Sunday, June 20, 2021By:
TLDR; This last weekend was Juneteenth, and if you’d like to find a way to directly support charities and/or organizations dedicated to fighting for racial justice, equality, and equity, please visit here.
This past weekend marked 155 years since enslaved African-Americans in the city of Galveston were finally read the emancipation proclamation and freed, two and a half years after President Lincoln issued the proclamation on January 1st 1863. While the significance of this date was not lost on the millions of Black Americans who’ve celebrated Juneteenth since, it wasn’t until this last Thursday that such an incredible moment in American history was commemorated across the entire United States by officially becoming a federal holiday.
Both the fact that the original Juneteenth came nearly 3 years after the emancipation proclamation went into effect and the fact that it took 155 years for the federal government to recognize the significance of this holiday reflects just how difficult and slow the march towards equality and justice has been for Black America. And in this same vein, while I applaud the unanimous support of this federal holiday in the Senate and the overwhelming support it received in the House (only 14 members voted against it), it is important that we do not see this as the finish line for efforts to combat racism, promote racial justice, and pursue economic equality for all. Continued pressure must be applied to Congress and the federal government to push them to walk the walk and pass legislation that will make meaningful progress towards addressing the injustices that affect African Americans daily.
The same racial equity issues that permeate the national dialogue are relevant to the Physics community. While African Americans make up over 15% of the US population that is aged 20-24, they are drastically underrepresented in the number of Physics Bachelor’s and Doctoral degrees awarded, making up only 3% of Bachelor’s Degrees in Physics, and around 2% of PhDs. This is unacceptable and something that our community must continue to address within our college departments and at the national level.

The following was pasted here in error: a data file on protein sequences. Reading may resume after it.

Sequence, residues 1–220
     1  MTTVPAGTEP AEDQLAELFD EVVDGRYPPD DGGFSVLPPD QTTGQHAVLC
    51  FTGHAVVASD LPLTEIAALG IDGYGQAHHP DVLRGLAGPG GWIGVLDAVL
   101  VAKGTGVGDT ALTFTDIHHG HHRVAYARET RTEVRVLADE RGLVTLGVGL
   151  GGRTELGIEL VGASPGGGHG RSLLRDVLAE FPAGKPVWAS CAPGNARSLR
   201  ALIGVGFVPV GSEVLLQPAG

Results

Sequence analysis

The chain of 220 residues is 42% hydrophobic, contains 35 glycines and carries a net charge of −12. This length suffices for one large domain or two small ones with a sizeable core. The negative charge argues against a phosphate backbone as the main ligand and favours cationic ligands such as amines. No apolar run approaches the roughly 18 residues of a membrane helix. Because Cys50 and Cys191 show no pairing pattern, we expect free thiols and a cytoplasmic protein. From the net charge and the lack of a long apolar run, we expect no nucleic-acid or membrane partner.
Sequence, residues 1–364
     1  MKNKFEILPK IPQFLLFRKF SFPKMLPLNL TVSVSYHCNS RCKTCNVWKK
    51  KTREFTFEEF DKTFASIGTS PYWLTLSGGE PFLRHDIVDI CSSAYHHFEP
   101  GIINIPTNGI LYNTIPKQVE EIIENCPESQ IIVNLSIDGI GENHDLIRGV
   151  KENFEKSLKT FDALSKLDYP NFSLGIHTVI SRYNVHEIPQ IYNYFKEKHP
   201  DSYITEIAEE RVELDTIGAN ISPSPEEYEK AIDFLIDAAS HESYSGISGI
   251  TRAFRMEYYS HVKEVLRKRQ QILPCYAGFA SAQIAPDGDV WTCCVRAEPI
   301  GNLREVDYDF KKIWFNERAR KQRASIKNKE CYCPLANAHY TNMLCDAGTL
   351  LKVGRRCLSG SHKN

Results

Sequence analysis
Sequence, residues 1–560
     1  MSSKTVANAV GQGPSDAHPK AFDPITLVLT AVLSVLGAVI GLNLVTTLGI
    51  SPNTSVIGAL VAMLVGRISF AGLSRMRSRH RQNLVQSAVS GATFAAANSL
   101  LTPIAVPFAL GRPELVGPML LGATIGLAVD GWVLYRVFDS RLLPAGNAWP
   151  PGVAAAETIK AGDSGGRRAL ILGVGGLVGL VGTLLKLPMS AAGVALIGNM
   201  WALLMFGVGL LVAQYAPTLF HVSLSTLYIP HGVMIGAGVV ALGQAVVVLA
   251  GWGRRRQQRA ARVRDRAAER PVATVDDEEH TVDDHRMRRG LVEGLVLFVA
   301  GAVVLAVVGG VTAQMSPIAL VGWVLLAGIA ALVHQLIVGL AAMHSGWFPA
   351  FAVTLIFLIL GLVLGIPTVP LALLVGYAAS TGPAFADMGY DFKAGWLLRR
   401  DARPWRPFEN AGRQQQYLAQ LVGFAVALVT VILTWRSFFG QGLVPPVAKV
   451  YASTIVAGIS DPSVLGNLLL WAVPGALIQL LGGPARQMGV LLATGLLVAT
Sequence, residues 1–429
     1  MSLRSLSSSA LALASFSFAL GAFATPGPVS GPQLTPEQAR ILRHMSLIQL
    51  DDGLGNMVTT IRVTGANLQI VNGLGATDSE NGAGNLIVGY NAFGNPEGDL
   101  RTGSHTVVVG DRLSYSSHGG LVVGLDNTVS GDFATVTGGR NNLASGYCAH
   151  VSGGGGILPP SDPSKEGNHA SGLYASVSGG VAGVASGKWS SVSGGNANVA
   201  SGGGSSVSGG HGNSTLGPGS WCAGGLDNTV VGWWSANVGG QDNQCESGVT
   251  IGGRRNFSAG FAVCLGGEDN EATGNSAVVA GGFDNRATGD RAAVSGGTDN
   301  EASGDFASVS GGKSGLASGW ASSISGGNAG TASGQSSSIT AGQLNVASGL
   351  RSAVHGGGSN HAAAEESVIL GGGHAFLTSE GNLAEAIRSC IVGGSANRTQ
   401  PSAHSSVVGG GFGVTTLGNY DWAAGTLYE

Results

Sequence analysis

I wanted to take a moment at the top of my blogpost to say these things because with my unexpected day off on Friday I wanted to make sure that I solemnly took the time to reflect on the 155 year journey of this holiday, and everything that has happened since. Writing this blogpost just didn’t feel right without mentioning the historic nature of this last weekend, and yet at the same time how long overdue it was. I hope to be looking back on this blogpost one day in a drastically different and better America than the one I am writing this in.
In terms of what I did for my internship this week, it was much the same as the last two, but at a much faster pace. In total I sat in on six committee hearings last week, while simultaneously researching and writing summaries on topics relevant to upcoming bills and the fiscal year 2022 budget. I continue to learn a lot about a wider range of topics than I ever imagined I’d be covering in this internship. I am excited for next week, when the committee will be reviewing NASA’s FY2022 budget request and covering waste reduction and recycling research.
Until next time,
Guido Dominguez (he/him/his)